The world is full of natural security systems that protect us from natural disasters, disease, and wild swings in weather. These natural systems are resilient, redundant, and extremely valuable. Unfortunately, we often ignore or actively diminish the value of these systems, leaving us more vulnerable than we should be. Sometimes we even lack awareness of their value until catastrophe strikes. Hurricane Katrina was only a category 3 storm when it began to make landfall, and had the extensive wetlands of southern Louisiana been left largely intact, it might not have caused so much damage. But as it was, engineers had cut a straight line canal called the Mississippi River Gulf Outlet, known by its acronym as “MR. GO” right through those wetlands to make faster passage for ships from the river to the Gulf of Mexico. To Katrina, MR. GO was like a red carpet welcome, drawing her winds and storm surge straight into the city of New Orleans at its northern end. It was only years after the disaster of Katrina, that the community of the Mississippi Delta finally said enough is enough and demanded that MR. GO be closed.
Sometimes we think we have a better way than nature and we end up spending a lot of energy and resources promoting that way, when we’d actually be better off just letting nature do its job. An analogy is the human foot – it’s a wonderfully adaptable structure that in turn helps us adapt to our environment. As Christopher McDougall writes in Born to Run [link], the human foot has 26 bones, 33 joints, 12 tendons, and 8 muscles all adapted to respond to changes in the environment as we experienced it running barefoot to track down prey for most of existence on Earth. Yet we’ve spent the last several decades devising ever more complicated and expensive devices (running and training shoes) to take our foot out of its environment, and some studies show this is likely causing more injuries than it prevents. Runners who are ditching their shoes and going back to the way we ran for 99.9% of our time on Earth are discovering that we were indeed “born to run”, injury free, well into old age.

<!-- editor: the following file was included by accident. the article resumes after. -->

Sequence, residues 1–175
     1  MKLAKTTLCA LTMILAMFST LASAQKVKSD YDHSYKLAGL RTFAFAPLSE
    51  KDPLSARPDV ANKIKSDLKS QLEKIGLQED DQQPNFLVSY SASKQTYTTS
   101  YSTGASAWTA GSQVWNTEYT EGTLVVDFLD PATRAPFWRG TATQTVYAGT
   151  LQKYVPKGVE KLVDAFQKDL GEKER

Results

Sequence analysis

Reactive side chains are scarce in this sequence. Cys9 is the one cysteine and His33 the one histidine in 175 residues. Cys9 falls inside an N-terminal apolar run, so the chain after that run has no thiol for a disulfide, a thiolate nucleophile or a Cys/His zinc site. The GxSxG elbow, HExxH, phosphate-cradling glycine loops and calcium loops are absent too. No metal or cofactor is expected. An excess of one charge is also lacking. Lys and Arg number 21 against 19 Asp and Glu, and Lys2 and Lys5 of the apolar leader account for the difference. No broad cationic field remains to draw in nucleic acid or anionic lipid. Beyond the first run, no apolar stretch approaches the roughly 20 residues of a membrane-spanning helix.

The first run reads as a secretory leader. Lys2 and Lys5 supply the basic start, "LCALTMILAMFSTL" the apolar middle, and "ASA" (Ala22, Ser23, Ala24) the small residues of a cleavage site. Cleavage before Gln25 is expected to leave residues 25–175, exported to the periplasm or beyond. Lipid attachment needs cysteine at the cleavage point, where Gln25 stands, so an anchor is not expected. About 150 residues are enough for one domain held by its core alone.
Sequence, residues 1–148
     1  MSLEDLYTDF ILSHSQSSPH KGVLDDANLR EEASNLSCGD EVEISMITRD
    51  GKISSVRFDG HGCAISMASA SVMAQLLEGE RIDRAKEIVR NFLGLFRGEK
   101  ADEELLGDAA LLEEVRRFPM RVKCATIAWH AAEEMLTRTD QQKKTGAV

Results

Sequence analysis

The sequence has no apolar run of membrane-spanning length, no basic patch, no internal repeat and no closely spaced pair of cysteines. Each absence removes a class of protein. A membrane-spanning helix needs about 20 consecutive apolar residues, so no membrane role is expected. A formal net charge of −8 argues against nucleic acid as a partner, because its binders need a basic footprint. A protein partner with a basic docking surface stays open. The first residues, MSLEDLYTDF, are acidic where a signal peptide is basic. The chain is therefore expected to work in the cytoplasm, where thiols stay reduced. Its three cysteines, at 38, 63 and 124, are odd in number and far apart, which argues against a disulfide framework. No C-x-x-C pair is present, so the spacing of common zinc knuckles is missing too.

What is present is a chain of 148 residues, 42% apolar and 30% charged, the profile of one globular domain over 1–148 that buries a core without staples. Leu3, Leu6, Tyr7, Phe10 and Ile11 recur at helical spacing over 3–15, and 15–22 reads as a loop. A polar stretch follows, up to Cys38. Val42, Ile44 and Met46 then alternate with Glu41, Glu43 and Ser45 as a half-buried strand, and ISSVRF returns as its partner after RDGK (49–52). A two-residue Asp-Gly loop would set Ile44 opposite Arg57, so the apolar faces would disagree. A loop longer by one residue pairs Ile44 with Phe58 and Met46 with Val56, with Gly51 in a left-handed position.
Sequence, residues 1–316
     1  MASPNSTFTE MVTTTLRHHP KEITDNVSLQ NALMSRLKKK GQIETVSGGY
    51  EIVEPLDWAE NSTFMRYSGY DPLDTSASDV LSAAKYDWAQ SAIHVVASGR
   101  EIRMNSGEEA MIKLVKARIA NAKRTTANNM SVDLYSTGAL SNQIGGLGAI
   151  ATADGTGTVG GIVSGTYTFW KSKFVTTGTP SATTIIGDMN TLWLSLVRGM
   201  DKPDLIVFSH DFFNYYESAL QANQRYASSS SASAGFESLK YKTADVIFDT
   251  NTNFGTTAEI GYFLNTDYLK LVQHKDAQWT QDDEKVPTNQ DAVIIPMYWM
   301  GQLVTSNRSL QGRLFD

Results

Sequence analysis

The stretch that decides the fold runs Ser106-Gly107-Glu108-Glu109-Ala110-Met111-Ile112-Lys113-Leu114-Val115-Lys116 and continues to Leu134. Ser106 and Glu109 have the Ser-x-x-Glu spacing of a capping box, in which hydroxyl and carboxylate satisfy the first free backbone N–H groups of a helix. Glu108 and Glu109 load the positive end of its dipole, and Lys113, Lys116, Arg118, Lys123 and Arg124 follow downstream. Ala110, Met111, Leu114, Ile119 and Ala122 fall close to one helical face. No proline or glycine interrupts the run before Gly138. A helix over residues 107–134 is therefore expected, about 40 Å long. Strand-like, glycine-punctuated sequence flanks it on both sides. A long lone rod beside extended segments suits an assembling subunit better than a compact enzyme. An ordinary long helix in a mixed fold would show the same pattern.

In the same way, we pour millions of tons of concrete to create sea walls and levees, which offer only limited protection from storm surges and often create further coastal erosion by deflecting wave forces down coast. They’re also ugly. Unfortunately, they’re often put up in place of natural “living shorelines” (marshes and coastal wetlands) that do a better job of dissipating storm energy, even as they also absorb greenhouse gases, create habitat and nurseries for fish and shellfish, and look much better than concrete walls.
When we ignore natural security systems, we also reduce natural systems’ abilities to help us adapt to change. In the case of anthropogenic climate alteration, most experts agree that we will need to adapt to inevitable climate-related changes. The University of Arizona just hosted the second international conference on climate change adaptation and people from all over the world presented aspirational and currently functioning projects that will help communities deal with some of the changes already and expected to occur.
Looking at natural adaptable systems provides a consistent way for approaching climate change adaptation. We are bringing nature’s expertise to climate adaptation projects run out of the University of Arizona. Our newest project has an unlikely partner—the U.S. Department of Defense. With funding from SERDP [link to our project page], we will be working with four DoD facilities, representing the Navy, Army, Air Force, and Marine Corps, in the southwestern U.S. to help them identify where the risks and opportunities due to climate change lie, and how they might adapt better in the future. Rafe writes about why the military is so interested in climate change adaptation in this op-ed piece in the Arizona Republic.
Regardless of the application, the Adaptable Solutions Consortium sees natural ecosystems as both a source of knowledge about adaptability and as functioning resilient systems that can enhance our adaptability to a range of risks.